NaCl

In a recent column, Thomas Sowell asked: Is thinking now obsolete?

Perhaps it is. Read this label:

 

This is the sort of blithe and cheery obliviousness that carries me to the brink of despair.

18 Comments

  1. Get with the program Malcolm, everything is prettier and better in pink;-) What are you a misogynist, doubting the magical power of pink… I have some Himalayan Pink Salt and Water Lily fragrance hand soap by my kitchen sink, as we speak. The ingredient lists plain old sodium chloride.

    Wikipedia offers: “The chemical composition of Himalayan salt includes 95–96% sodium chloride, contaminated with 2–3% polyhalite and small amounts of ten other minerals. The pink color is due to iron oxide.”

    Posted August 10, 2014 at 10:05 pm | Permalink
  2. Kevin Kim says

    Yes… one does have to wonder how the concepts “pure” and “mineral content” go together. I’ll note, too, that the final sentence very likely contains a dangling modifier. An a-salt on the senses.

    Posted August 10, 2014 at 11:23 pm | Permalink
  3. Harold says

    It’s ideologically pure, not chemically pure.

    Posted August 11, 2014 at 6:24 am | Permalink
  4. Harold says

    … it has spent millennia meditating in the heart of the Himalayas. Greed and avarice it has never let enter its soul. Privilege, oppression, and racism are unkown to it.

    Posted August 11, 2014 at 6:37 am | Permalink
  5. Harold says

    To be serious though, clearly they have in mind that it is uncontaminated by anything subsequent to its formation.

    Posted August 11, 2014 at 6:45 am | Permalink
  6. Malcolm says

    You could say the same about a ranch-flavored Dorito.

    Posted August 11, 2014 at 8:20 am | Permalink
  7. Malcolm says

    I think you nailed it above, Harold: it’s ideological purity we’re looking at here. What do we think of when we think of Tibet? Oppression, of course. And the stuff is made even purer by its commitment to multicolored, mineralic diversity.

    And it’s pink.

    Thanks for this insight, which I think actually should be taken with more than a grain of salt.

    Posted August 11, 2014 at 8:29 am | Permalink
  8. Harold says

    “commitment to multicolored, mineralic diversity”, of course, why didn’t I think of that. And, yes, it’s pink, but also has hues of red and white, these colors being described, of course, as “vibrant”. And here I have been using monochromatic white salt with some sort of Nazi-esque commitment to chemical purity. I feel both ashamed and un-enriched.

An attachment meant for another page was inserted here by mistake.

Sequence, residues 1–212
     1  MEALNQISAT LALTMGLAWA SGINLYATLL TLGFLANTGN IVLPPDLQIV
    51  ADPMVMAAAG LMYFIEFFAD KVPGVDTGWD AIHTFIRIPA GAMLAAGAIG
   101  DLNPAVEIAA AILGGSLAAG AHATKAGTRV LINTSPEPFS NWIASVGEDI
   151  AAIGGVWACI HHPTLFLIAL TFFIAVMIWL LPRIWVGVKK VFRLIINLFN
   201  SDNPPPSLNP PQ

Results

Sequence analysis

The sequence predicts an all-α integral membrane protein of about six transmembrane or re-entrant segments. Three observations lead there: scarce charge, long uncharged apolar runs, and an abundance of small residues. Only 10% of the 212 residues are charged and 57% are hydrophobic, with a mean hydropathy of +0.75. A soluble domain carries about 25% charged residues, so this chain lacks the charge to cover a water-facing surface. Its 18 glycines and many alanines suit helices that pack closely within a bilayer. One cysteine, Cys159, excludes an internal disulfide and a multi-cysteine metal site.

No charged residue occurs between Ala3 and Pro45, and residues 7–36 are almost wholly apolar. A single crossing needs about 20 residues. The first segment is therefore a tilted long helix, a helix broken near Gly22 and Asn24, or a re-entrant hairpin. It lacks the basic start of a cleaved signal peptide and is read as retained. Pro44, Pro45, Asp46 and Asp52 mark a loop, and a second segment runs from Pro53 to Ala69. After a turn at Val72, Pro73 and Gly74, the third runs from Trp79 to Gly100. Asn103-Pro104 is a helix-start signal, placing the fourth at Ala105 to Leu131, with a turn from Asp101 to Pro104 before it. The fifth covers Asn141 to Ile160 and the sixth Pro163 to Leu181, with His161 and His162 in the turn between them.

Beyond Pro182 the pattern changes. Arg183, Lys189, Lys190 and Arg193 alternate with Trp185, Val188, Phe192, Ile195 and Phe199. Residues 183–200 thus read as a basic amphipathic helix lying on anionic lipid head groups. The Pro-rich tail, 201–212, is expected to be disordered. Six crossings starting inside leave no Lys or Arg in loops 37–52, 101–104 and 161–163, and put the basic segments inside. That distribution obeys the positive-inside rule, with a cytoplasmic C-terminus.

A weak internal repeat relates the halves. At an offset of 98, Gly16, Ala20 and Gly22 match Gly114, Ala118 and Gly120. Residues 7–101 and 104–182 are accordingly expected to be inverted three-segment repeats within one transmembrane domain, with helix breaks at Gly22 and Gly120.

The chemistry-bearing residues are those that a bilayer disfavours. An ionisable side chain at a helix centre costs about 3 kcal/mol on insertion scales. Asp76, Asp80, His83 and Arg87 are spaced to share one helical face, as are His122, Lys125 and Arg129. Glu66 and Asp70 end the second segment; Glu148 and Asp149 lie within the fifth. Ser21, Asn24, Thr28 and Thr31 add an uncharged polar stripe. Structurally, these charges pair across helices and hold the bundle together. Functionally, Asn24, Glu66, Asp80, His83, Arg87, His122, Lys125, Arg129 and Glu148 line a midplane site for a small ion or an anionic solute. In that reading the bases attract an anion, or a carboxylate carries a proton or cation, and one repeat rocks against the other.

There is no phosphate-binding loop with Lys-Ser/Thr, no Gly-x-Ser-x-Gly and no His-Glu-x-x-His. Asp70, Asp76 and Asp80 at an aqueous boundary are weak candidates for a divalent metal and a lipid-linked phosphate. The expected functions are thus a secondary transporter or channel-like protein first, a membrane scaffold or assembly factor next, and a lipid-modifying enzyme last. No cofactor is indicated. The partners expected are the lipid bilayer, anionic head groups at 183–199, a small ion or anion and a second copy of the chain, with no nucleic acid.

Posted August 11, 2014 at 9:09 am | Permalink
  9. JK says

    Meanwhile in California …

    California is poised to take a step. Lawmakers are considering what would be the first-in-the-nation measure requiring all colleges that receive public funds to set a standard for when “yes means yes.”

    http://www.myfoxny.com/story/26242804/california-debates-yes-means-yes-sex-assault-law

    Posted August 11, 2014 at 10:01 am | Permalink
  10. “… this salt’s rich and varying mineral content.”

    We not rich like y’all … We outta verbs.

    Posted August 11, 2014 at 11:23 am | Permalink
  11. The one eyed man says

    Himalayan salt comes from Pakistan, not Tibet.

    Posted August 11, 2014 at 3:37 pm | Permalink
  12. Malcolm says

    Himalayan salt comes from Pakistan, not Tibet.

    Even worse, if true. The package just says “heart of the Himalayas”, which certainly isn’t Pakistan.

    When any ordinary person hears “heart of the Himalayas”, it’s Tibet that’s naturally going to come to mind. If it really is Pakistan this stuff is coming from, then the labeling is clearly a cheap attempt to cash in on Tibet’s romantic image, and its high-value victim status.

    Boy, this thing just gets worse and worse.

    Posted August 11, 2014 at 4:47 pm | Permalink
  13. Malcolm says

    Jebus, Pete, you’re right. From Wikipedia:

    It is mined in the Khewra Salt Mines, the second largest salt mine in the world, located in Khewra, Jhelum District, Punjab, Pakistan, about 300 km from the Himalayas

    And I thought we were just dealing with stupidity here. It’s always such a shock when you come face to face with pure evil.

    Posted August 11, 2014 at 4:53 pm | Permalink
  14. But the label says “Himalayan Pink Salt comes from the heart of the Himalayan Mountains” – meaning far from.

    Jeffery Hodges

    * * *

    Posted August 11, 2014 at 5:26 pm | Permalink
  15. The one eyed man says

    I would think that most people would associate Nepal as the “heart of the Himalayas,” as that is where people go to trek them most often.

    Re 300km from the actual Himalayas: fudging mountains is nothing new. When the transcontinental railroad was being built, private developers refused to bear the risk of putting rail lines through the Sierras, so the government was forced to subsidize them to get it built. They passed a law to support railroad construction starting at the foothills. The developers lobbied successfully to have the foothills start at Roseville, California, which is 164 feet above sea level, and the start of an eighty mile, very gradual ascent. For this they were called “the men who could move mountains.”

    Posted August 11, 2014 at 5:44 pm | Permalink
  16. Loki says

    Nepal, Pakistan, whatever. But Pakistan? Yeesh.

    These people make those railroad barons look like the Knights of St. John.

    Posted August 11, 2014 at 6:11 pm | Permalink
  17. “Welcome to Costco, I love you.”

    Posted August 12, 2014 at 7:42 am | Permalink
  18. Whitney Gann says

    It’s also about 6 bucks an ounce. Morton’s iodized table salt is around a dollar for 26 ounces. Sigh…

    Posted August 20, 2014 at 6:28 pm | Permalink

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